Fibroid tumors are benign, or noncancerous, tumors that manifest in a women's uterus. The National Center for Biotechnology Information states that about 20 percent of women will develop uterine fibroids between the time they begin menstruation and the time they experience menopause 12. Fibroid tumors often develop in women over the age of 30. Certain supplements may be helpful in treating your fibroid tumors, although supplements should always be used under the guidance of a licensed health care professional.
Uterine fibroids are growths comprised of muscle and fibrous tissue. Uterine fibroids vary in size and usually develop in women between the ages of 16 and 50. They are associated with estrogen production. The five principle types of uterine fibroids include intramural, subserosal, submucosal, pedunculated and cervical. Common signs and symptoms associated with uterine fibroids include heavy or painful periods, abdominal pain, constipation, frequent urination and painful intercourse.
- Uterine fibroids are growths comprised of muscle and fibrous tissue.
- Uterine fibroids vary in size and usually develop in women between the ages of 16 and 50.
Glycerine Vs. Glycol
Several herbal and non-herbal supplements may be helpful in treating, and possibly shrinking, your uterine fibroids, although more scientific research evidence may be required to support the use of these supplements for this condition. Phyllis A. Balch, a nutrition researcher and consultant and author of the book "Prescription for Nutritional Healing," touts several supplements for retarding fibroid tumor growth, including garlic, L-arginine and extracts of maitake or shiitake mushrooms 3. Other helpful supplements for uterine fibroids may include coenzyme Q10, zinc, vitamins A and C and Chinese skullcap.
L-arginine is a frequently prescribed dietary supplement to halt the growth of your uterine fibroid tumors. L-arginine, notes Balch, may boost your immune system function and arrest tumor growth. Balch recommends taking 500 milligrams of this supplement daily, on an empty stomach and with water or juice. L-arginine should be taken with L-lysine, another dietary supplement that helps balance L-arginine. Before you use this supplement to treat your uterine fibroids, discuss the appropriateness of L-arginine for your condition -- as well as the proper dosage -- with your doctor.
- L-arginine is a frequently prescribed dietary supplement to halt the growth of your uterine fibroid tumors.
- L-arginine should be taken with L-lysine, another dietary supplement that helps balance L-arginine.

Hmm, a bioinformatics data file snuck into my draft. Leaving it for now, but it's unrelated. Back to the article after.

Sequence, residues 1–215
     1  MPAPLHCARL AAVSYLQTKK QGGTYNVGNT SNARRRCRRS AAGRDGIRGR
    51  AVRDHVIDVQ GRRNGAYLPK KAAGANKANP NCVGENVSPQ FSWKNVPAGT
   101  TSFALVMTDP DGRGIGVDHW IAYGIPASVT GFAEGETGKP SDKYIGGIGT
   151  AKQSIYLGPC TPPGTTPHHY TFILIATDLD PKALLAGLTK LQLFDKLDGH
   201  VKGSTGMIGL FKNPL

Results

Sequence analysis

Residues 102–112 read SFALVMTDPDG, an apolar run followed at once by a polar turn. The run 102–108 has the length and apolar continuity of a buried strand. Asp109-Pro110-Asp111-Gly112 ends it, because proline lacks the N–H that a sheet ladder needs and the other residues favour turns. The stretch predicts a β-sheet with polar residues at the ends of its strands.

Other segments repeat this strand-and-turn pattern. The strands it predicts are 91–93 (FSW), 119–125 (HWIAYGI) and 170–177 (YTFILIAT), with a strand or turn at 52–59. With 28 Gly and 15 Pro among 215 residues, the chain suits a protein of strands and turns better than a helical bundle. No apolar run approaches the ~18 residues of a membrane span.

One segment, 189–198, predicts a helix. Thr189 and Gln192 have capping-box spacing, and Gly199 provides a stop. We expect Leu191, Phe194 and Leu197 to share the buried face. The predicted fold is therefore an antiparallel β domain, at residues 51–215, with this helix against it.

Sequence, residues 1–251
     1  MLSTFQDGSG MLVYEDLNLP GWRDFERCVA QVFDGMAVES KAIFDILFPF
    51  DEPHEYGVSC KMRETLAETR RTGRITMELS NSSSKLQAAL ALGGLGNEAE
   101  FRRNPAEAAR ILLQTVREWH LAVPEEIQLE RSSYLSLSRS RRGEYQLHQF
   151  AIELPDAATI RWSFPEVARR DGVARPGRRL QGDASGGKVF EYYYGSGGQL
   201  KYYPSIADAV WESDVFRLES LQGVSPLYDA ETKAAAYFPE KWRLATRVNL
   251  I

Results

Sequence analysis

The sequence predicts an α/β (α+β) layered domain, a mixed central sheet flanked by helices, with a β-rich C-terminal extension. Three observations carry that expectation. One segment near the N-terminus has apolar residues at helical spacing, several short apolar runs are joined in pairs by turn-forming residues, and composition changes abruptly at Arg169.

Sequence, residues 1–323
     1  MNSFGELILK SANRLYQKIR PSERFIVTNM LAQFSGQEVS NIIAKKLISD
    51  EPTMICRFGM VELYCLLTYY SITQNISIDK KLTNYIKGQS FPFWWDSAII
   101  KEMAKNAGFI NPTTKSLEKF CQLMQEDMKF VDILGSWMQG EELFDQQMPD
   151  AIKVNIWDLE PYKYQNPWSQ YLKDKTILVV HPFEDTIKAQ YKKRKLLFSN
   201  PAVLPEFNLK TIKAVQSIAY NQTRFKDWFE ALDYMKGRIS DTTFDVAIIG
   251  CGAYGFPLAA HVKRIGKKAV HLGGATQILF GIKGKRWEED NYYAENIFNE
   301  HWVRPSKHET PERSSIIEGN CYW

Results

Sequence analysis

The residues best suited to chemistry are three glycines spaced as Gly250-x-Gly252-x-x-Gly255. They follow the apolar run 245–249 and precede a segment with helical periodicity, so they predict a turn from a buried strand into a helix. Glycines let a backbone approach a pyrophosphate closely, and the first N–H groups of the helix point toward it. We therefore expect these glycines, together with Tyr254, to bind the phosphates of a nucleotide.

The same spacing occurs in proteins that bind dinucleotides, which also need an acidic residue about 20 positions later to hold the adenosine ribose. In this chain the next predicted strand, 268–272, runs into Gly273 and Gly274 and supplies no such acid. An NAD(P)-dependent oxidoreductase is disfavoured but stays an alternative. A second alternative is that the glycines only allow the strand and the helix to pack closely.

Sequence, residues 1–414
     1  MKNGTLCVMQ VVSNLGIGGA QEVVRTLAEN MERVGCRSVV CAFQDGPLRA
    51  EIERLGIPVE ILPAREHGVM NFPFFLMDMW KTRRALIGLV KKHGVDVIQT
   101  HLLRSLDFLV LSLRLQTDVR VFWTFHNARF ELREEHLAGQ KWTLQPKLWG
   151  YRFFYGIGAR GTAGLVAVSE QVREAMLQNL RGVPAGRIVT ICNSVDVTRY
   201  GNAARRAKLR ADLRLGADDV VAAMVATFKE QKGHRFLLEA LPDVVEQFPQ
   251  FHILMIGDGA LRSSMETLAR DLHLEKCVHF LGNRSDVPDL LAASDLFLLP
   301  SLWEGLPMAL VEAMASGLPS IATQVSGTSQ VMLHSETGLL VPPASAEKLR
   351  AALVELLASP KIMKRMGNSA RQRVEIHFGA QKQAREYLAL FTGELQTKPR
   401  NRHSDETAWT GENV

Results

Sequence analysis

Gallbladder & Liver Supplements
Uterine fibroids should always be treated by a licensed health care provider 2. Although dietary supplements may be helpful in treating this condition, you should never use supplements in place of other more efficacious treatment strategies for this common ailment. A clinical nutrition specialist can counsel you on what supplements may be most appropriate for you and your condition, what supplements to avoid and when to discontinue your supplementation. Some supplements may interfere with the action of other pharmaceutical agents you might be taking.
- Uterine fibroids should always be treated by a licensed health care provider 2.
- Although dietary supplements may be helpful in treating this condition, you should never use supplements in place of other more efficacious treatment strategies for this common ailment.
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- National Center for Biotechnology Information: Uterine Fibroids
- National Health Service: Fibroids
- Prescription for Nutritional Healing; Phyllis A. Balch, CNC; 2010
- de la Cruz MS, Buchannan EM. Uterine fibroids: Diagnosis and treatment. Am Fam Physician. 2017 Jan 15;95(2):100-107.
- Gurusamy KS, Vaughan J, Fraser IS, Best LM, Richards T. Medical therapies for uterine fibroids - a systematic review and network meta-analysis of randomised controlled trials. PLoS ONE. 2016;11(2):e0149631. doi:10.1371/journal.pone.0149631
- Donnez J, Dolmans MM. Uterine fibroid management: from the present to the future. Hum Reprod Update. 2016;22(6):665–686. doi:10.1093/humupd/dmw023
- National Institute of Child Health and Human Development. Uterine Fibroids.
- The Merck Manuals Online Medical Library. Uterine Fibroids.
- U.S. Department of Health and Human Services. Uterine Fibroids fact sheet.
- Lippman, SA et al. Uterine Fibroids and Gynecologic Pain Symptoms in a Population-Based Study. Fertility and Sterility. 2003 Dec;80(6):1488-94
Martin Hughes is a chiropractic physician, health writer and the co-owner of a website devoted to natural footgear. He writes about health, fitness, diet and lifestyle. Hughes earned his Bachelor of Science in kinesiology at the University of Waterloo and his doctoral degree from Western States Chiropractic College in Portland, Ore.